decomposition

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decomposition

[dē‚käm·pə′zish·ən]
(chemistry)
The more or less permanent structural breakdown of a molecule into simpler molecules or atoms.
(geochemistry)
(mathematics)
The expression of a fraction as a sum of partial fractions.
The representation of a set as the union of pairwise disjoint subsets.
References in periodicals archive ?
Detection of organophosphate poisoning in a putrefying body by analyzing arthropod larvae.
A couple of examples of Warhol's Brillo Boxes feature in Low Life Slow Life, as does Paul Thek's Meat Piece with Warhol Brillo Box (1965), in which the box is tipped on its side to reveal a thick slab of something resembling putrefying flesh.
We have to wait until it's a huge, putrefying, stinking, bin-lid bursting heap.
The tone abruptly changes--a tactic used at several key points in the film--and cameras enter the inside of the decrepit Bedford Theatre, once a famed venue from the halcyon days of music hall performance, now reduced to putrefying ruin with a hole in the roof.
Cyclone Nargis hit Burma on May 2 and, according to the Disaster Emergency Committee, the country is now on the brink of a humanitarian crisis with thousands of people relying on water that has been contaminated by corpses, putrefying dead animals and human waste.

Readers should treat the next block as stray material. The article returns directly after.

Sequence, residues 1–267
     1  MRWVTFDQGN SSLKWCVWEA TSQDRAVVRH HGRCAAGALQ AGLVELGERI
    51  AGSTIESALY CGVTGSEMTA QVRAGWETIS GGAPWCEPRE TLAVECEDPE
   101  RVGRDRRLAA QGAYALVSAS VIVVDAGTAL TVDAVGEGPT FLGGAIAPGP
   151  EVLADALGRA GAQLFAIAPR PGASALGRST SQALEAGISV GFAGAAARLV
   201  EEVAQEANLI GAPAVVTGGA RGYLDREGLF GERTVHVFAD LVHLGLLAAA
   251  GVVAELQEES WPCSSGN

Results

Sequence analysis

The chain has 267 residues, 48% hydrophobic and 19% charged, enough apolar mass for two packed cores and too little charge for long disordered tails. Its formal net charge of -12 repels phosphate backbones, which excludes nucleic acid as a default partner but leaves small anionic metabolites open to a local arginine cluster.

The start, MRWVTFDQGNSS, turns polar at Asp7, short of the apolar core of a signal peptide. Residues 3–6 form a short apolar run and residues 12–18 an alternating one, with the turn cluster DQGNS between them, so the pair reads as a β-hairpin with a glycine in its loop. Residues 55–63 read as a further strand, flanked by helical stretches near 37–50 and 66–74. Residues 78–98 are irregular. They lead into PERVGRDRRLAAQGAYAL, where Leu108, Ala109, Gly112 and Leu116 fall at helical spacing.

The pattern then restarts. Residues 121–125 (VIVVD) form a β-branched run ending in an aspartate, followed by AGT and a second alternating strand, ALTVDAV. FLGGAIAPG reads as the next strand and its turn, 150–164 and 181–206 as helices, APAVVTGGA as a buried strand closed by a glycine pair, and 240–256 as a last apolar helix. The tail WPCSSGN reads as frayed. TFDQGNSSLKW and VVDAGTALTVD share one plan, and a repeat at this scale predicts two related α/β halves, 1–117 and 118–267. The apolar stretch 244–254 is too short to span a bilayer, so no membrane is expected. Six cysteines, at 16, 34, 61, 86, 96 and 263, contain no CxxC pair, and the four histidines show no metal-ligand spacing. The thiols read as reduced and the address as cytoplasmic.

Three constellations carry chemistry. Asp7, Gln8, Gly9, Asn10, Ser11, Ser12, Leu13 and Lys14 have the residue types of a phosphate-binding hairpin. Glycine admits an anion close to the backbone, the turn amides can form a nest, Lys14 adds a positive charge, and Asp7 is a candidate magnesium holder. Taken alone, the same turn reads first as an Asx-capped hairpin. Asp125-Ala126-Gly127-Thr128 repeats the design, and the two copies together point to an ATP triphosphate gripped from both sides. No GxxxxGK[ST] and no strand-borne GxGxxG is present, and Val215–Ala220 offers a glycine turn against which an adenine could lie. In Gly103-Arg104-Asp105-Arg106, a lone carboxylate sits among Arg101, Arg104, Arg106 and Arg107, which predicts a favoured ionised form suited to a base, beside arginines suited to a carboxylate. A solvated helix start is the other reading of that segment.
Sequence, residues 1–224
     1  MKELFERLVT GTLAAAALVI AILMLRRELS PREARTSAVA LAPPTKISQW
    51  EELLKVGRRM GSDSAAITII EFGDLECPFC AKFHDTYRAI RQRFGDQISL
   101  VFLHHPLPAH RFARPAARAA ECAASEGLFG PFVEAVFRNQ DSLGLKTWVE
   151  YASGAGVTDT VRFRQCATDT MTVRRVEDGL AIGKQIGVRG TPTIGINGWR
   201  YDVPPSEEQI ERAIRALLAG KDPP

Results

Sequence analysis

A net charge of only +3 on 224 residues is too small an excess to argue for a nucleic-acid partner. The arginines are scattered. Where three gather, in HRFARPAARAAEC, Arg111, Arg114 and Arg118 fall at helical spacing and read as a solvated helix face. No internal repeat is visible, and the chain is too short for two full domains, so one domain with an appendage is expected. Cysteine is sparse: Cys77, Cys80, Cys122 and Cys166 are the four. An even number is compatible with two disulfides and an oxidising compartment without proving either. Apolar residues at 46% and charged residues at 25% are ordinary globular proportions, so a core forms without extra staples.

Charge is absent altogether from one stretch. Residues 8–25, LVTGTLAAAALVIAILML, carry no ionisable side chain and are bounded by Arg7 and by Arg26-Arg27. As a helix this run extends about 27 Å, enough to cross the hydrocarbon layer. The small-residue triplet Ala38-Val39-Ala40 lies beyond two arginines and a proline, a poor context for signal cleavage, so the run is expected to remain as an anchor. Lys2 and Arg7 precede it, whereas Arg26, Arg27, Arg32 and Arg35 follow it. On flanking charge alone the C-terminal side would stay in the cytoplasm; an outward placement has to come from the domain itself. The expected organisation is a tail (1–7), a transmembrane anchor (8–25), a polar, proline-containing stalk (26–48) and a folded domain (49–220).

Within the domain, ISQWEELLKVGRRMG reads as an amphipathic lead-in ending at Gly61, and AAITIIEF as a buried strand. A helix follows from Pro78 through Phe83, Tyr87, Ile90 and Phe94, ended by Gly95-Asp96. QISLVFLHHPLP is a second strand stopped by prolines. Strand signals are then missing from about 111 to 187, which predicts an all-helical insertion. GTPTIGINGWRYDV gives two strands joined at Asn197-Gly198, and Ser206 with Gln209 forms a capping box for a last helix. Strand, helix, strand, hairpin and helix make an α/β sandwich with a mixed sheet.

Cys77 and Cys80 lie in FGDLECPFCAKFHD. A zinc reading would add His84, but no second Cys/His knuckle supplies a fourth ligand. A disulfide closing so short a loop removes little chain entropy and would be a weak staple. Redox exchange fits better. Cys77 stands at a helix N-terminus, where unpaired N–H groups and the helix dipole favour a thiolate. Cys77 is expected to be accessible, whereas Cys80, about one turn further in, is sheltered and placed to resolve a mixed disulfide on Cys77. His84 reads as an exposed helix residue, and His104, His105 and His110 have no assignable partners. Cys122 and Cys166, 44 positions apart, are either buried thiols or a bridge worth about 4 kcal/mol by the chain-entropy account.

Starting out as an entirely authentic period piece--complete with a hilarious vodka-sodden debate about the existence of God between an atheist professor of Marxist-Leninism and a deeply religious village muzhik (redneck)--the film rapidly delves down into the darkness of communist Russia, with murder, rape, torture and a roomful of putrefying corpses awaiting viewers who manage to remain in their seats.
Topics covered include death from environmental conditions (lighting and elder abuse), homicide, death from natural causes (asthma, Marfan syndrome, and peliosis of the liver and spleen), infectious diseases, crime scene investigation and behavioral analysis, neogenesis of ethanol and fusel oils in putrefying blood, agrichemical poisoning, apoptosis, imagining techniques, veterinary forensic pathology, and fixation techniques for organs and parenchymal structures.
One person had climbed on a dead hippo for a picture and sank into the putrefying carcass.
While we know the black plague killed millions in European cities in the middle-ages due to non-existent waste disposal, Melosi points out that it was not until the mid-nineteenth century that "experiments in England and the United States demonstrated that there was some relationship between communicable diseases and putrefying waste" (p.
If the body itself can be said to serve as hermeneutic matrix for the subject's construction of borders (outer and inner, visible and invisible, determinant and indeterminate), then the putrefying corpse constitutes a direct and apprehensible challenge to such constructions.
Some residents had grown so desperate to get rid of putrefying corpses they were burying them in their gardens.
With extensive retention of urine, a putrefying phase may develop in which germs and microbes begin to multiply in the urinary tract, leading to problems.